In an op-ed in Haaretz published after Ehud Olmert was sentenced to six years in prison for his role in the Holyland affair, Prof. Mordechai Kremnitzer explores the implications of the Holyland case for the battle against corruption in Israel.
The sentence handed down in the Holyland case raises general questions about the battle against corruption. What is necessary in order for this fight to succeed?
First and foremost, a fundamental change is needed in the public's attitude toward crimes of corruption. The public—influenced by various journalists and commentators—does not view crimes of corruption as offenses that taint their perpetrators with moral turpitude. It does not regard those guilty of corruption as criminals in the full sense of the term. They are seen as people who have stumbled, but are still considered esteemed and distinguished. A person (Aryeh Deri) can be convicted of the crime of accepting bribery and—after serving his sentence and waiting out the cooling-off period required by law—can return as the leader of a political party and head of its Knesset faction and receive the public's trust. A person (Ehud Olmert) can be convicted of the serious crime of breach of trust, but this conviction does not diminish his public and social standing one bit, after it is portrayed, falsely, in the media as an administrative or technical offense. Despite the fact that the social damage caused by a bribe taker is much greater than the damage caused by a thief or even someone who burglarizes a business, a real criminal stigma is only attached to the latter. As long as this is the public perception, the fight against corruption is doomed to fail. This is a watershed, with success in the fight against corruption on one side, and failure on the other.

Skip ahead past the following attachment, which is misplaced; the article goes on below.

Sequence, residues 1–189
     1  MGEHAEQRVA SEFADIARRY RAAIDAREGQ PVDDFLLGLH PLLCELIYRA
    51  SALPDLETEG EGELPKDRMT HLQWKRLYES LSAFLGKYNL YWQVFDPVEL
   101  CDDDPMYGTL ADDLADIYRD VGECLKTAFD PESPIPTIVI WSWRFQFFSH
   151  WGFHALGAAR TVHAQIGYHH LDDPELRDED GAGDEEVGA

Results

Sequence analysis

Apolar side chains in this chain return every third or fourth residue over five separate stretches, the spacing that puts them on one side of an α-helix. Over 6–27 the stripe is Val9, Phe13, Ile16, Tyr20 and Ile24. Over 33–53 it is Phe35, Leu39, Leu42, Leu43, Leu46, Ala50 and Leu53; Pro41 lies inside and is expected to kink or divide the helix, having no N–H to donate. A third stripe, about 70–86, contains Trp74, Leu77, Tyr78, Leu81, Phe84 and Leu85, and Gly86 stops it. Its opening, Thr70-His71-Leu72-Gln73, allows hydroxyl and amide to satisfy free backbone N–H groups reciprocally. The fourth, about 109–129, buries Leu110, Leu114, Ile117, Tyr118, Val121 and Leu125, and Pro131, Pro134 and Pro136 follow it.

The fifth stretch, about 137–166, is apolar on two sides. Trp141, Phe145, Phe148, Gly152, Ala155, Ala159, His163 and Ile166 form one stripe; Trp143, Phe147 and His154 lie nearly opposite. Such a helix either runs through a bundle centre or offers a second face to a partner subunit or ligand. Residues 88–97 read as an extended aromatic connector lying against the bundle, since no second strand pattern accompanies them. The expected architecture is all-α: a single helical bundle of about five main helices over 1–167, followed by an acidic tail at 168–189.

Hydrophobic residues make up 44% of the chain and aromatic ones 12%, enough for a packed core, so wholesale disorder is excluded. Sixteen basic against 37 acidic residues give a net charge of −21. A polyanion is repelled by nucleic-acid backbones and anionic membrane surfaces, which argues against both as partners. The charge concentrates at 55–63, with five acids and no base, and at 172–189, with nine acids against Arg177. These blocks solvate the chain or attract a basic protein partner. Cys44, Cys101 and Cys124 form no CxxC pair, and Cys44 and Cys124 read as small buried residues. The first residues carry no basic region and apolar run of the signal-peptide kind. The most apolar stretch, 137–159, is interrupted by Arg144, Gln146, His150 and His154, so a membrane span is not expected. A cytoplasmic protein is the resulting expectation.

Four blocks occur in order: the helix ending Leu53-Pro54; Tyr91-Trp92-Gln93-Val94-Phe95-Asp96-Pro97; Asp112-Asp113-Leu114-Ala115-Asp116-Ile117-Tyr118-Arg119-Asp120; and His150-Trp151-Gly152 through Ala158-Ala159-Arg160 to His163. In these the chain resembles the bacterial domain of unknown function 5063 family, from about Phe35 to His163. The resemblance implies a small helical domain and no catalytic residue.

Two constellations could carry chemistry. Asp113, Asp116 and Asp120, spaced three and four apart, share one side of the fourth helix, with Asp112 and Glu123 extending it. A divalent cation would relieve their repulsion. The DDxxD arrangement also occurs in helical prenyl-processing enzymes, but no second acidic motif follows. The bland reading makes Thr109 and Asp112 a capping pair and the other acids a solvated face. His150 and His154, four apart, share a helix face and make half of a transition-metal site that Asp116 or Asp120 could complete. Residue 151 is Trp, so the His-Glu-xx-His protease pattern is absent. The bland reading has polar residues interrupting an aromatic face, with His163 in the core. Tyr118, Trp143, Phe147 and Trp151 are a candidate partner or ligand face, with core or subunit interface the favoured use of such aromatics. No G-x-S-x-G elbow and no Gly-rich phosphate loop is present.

From this perspective, Judge David Rozen took an important step in harshly condemning the criminals in the Holyland case and expressing disgust and revulsion at their actions. One may argue about specific choices of expression that he made, but the message of denunciation and the imposition of turpitude found in his ruling are justified and welcome.
In this respect, the sentence did not go far enough. It continued along a path of ambiguity, heaping lavish praise of the convicted criminals for their contributions in their public careers, while at the same time condemning the criminal actions they committed. This double message does not enable unequivocal social denunciation. It invites us to regard the convicted person as "an exemplary public official who contributed greatly to the state and who transgressed by taking a bribe," thereby allowing us to focus on either the first part of the sentence or the second. The truth is that this is an oxymoron, like "hot snow." Someone who accepts a bribe cannot be an exemplary public official. His contribution to the state does not remain intact. His acceptance of the bribe diminishes all of his good work and casts a dark shadow over it. Citizens cannot verify that their elected officials and public servants only take into account relevant considerations when making decisions and always keep the public's best interests in mind. All that can be done is to ensure that those who win the public's trust act with clean hands and a pure heart. A public official who takes a bribe strips himself of this ability. Accepting bribery is a fundamental and decisive violation of the most basic duty to act as faithful trustees of the public. It undermines the contract between the people and the government. The magnitude of this failure requires us to regard it as an action that immediately causes its perpetrator to give up his world.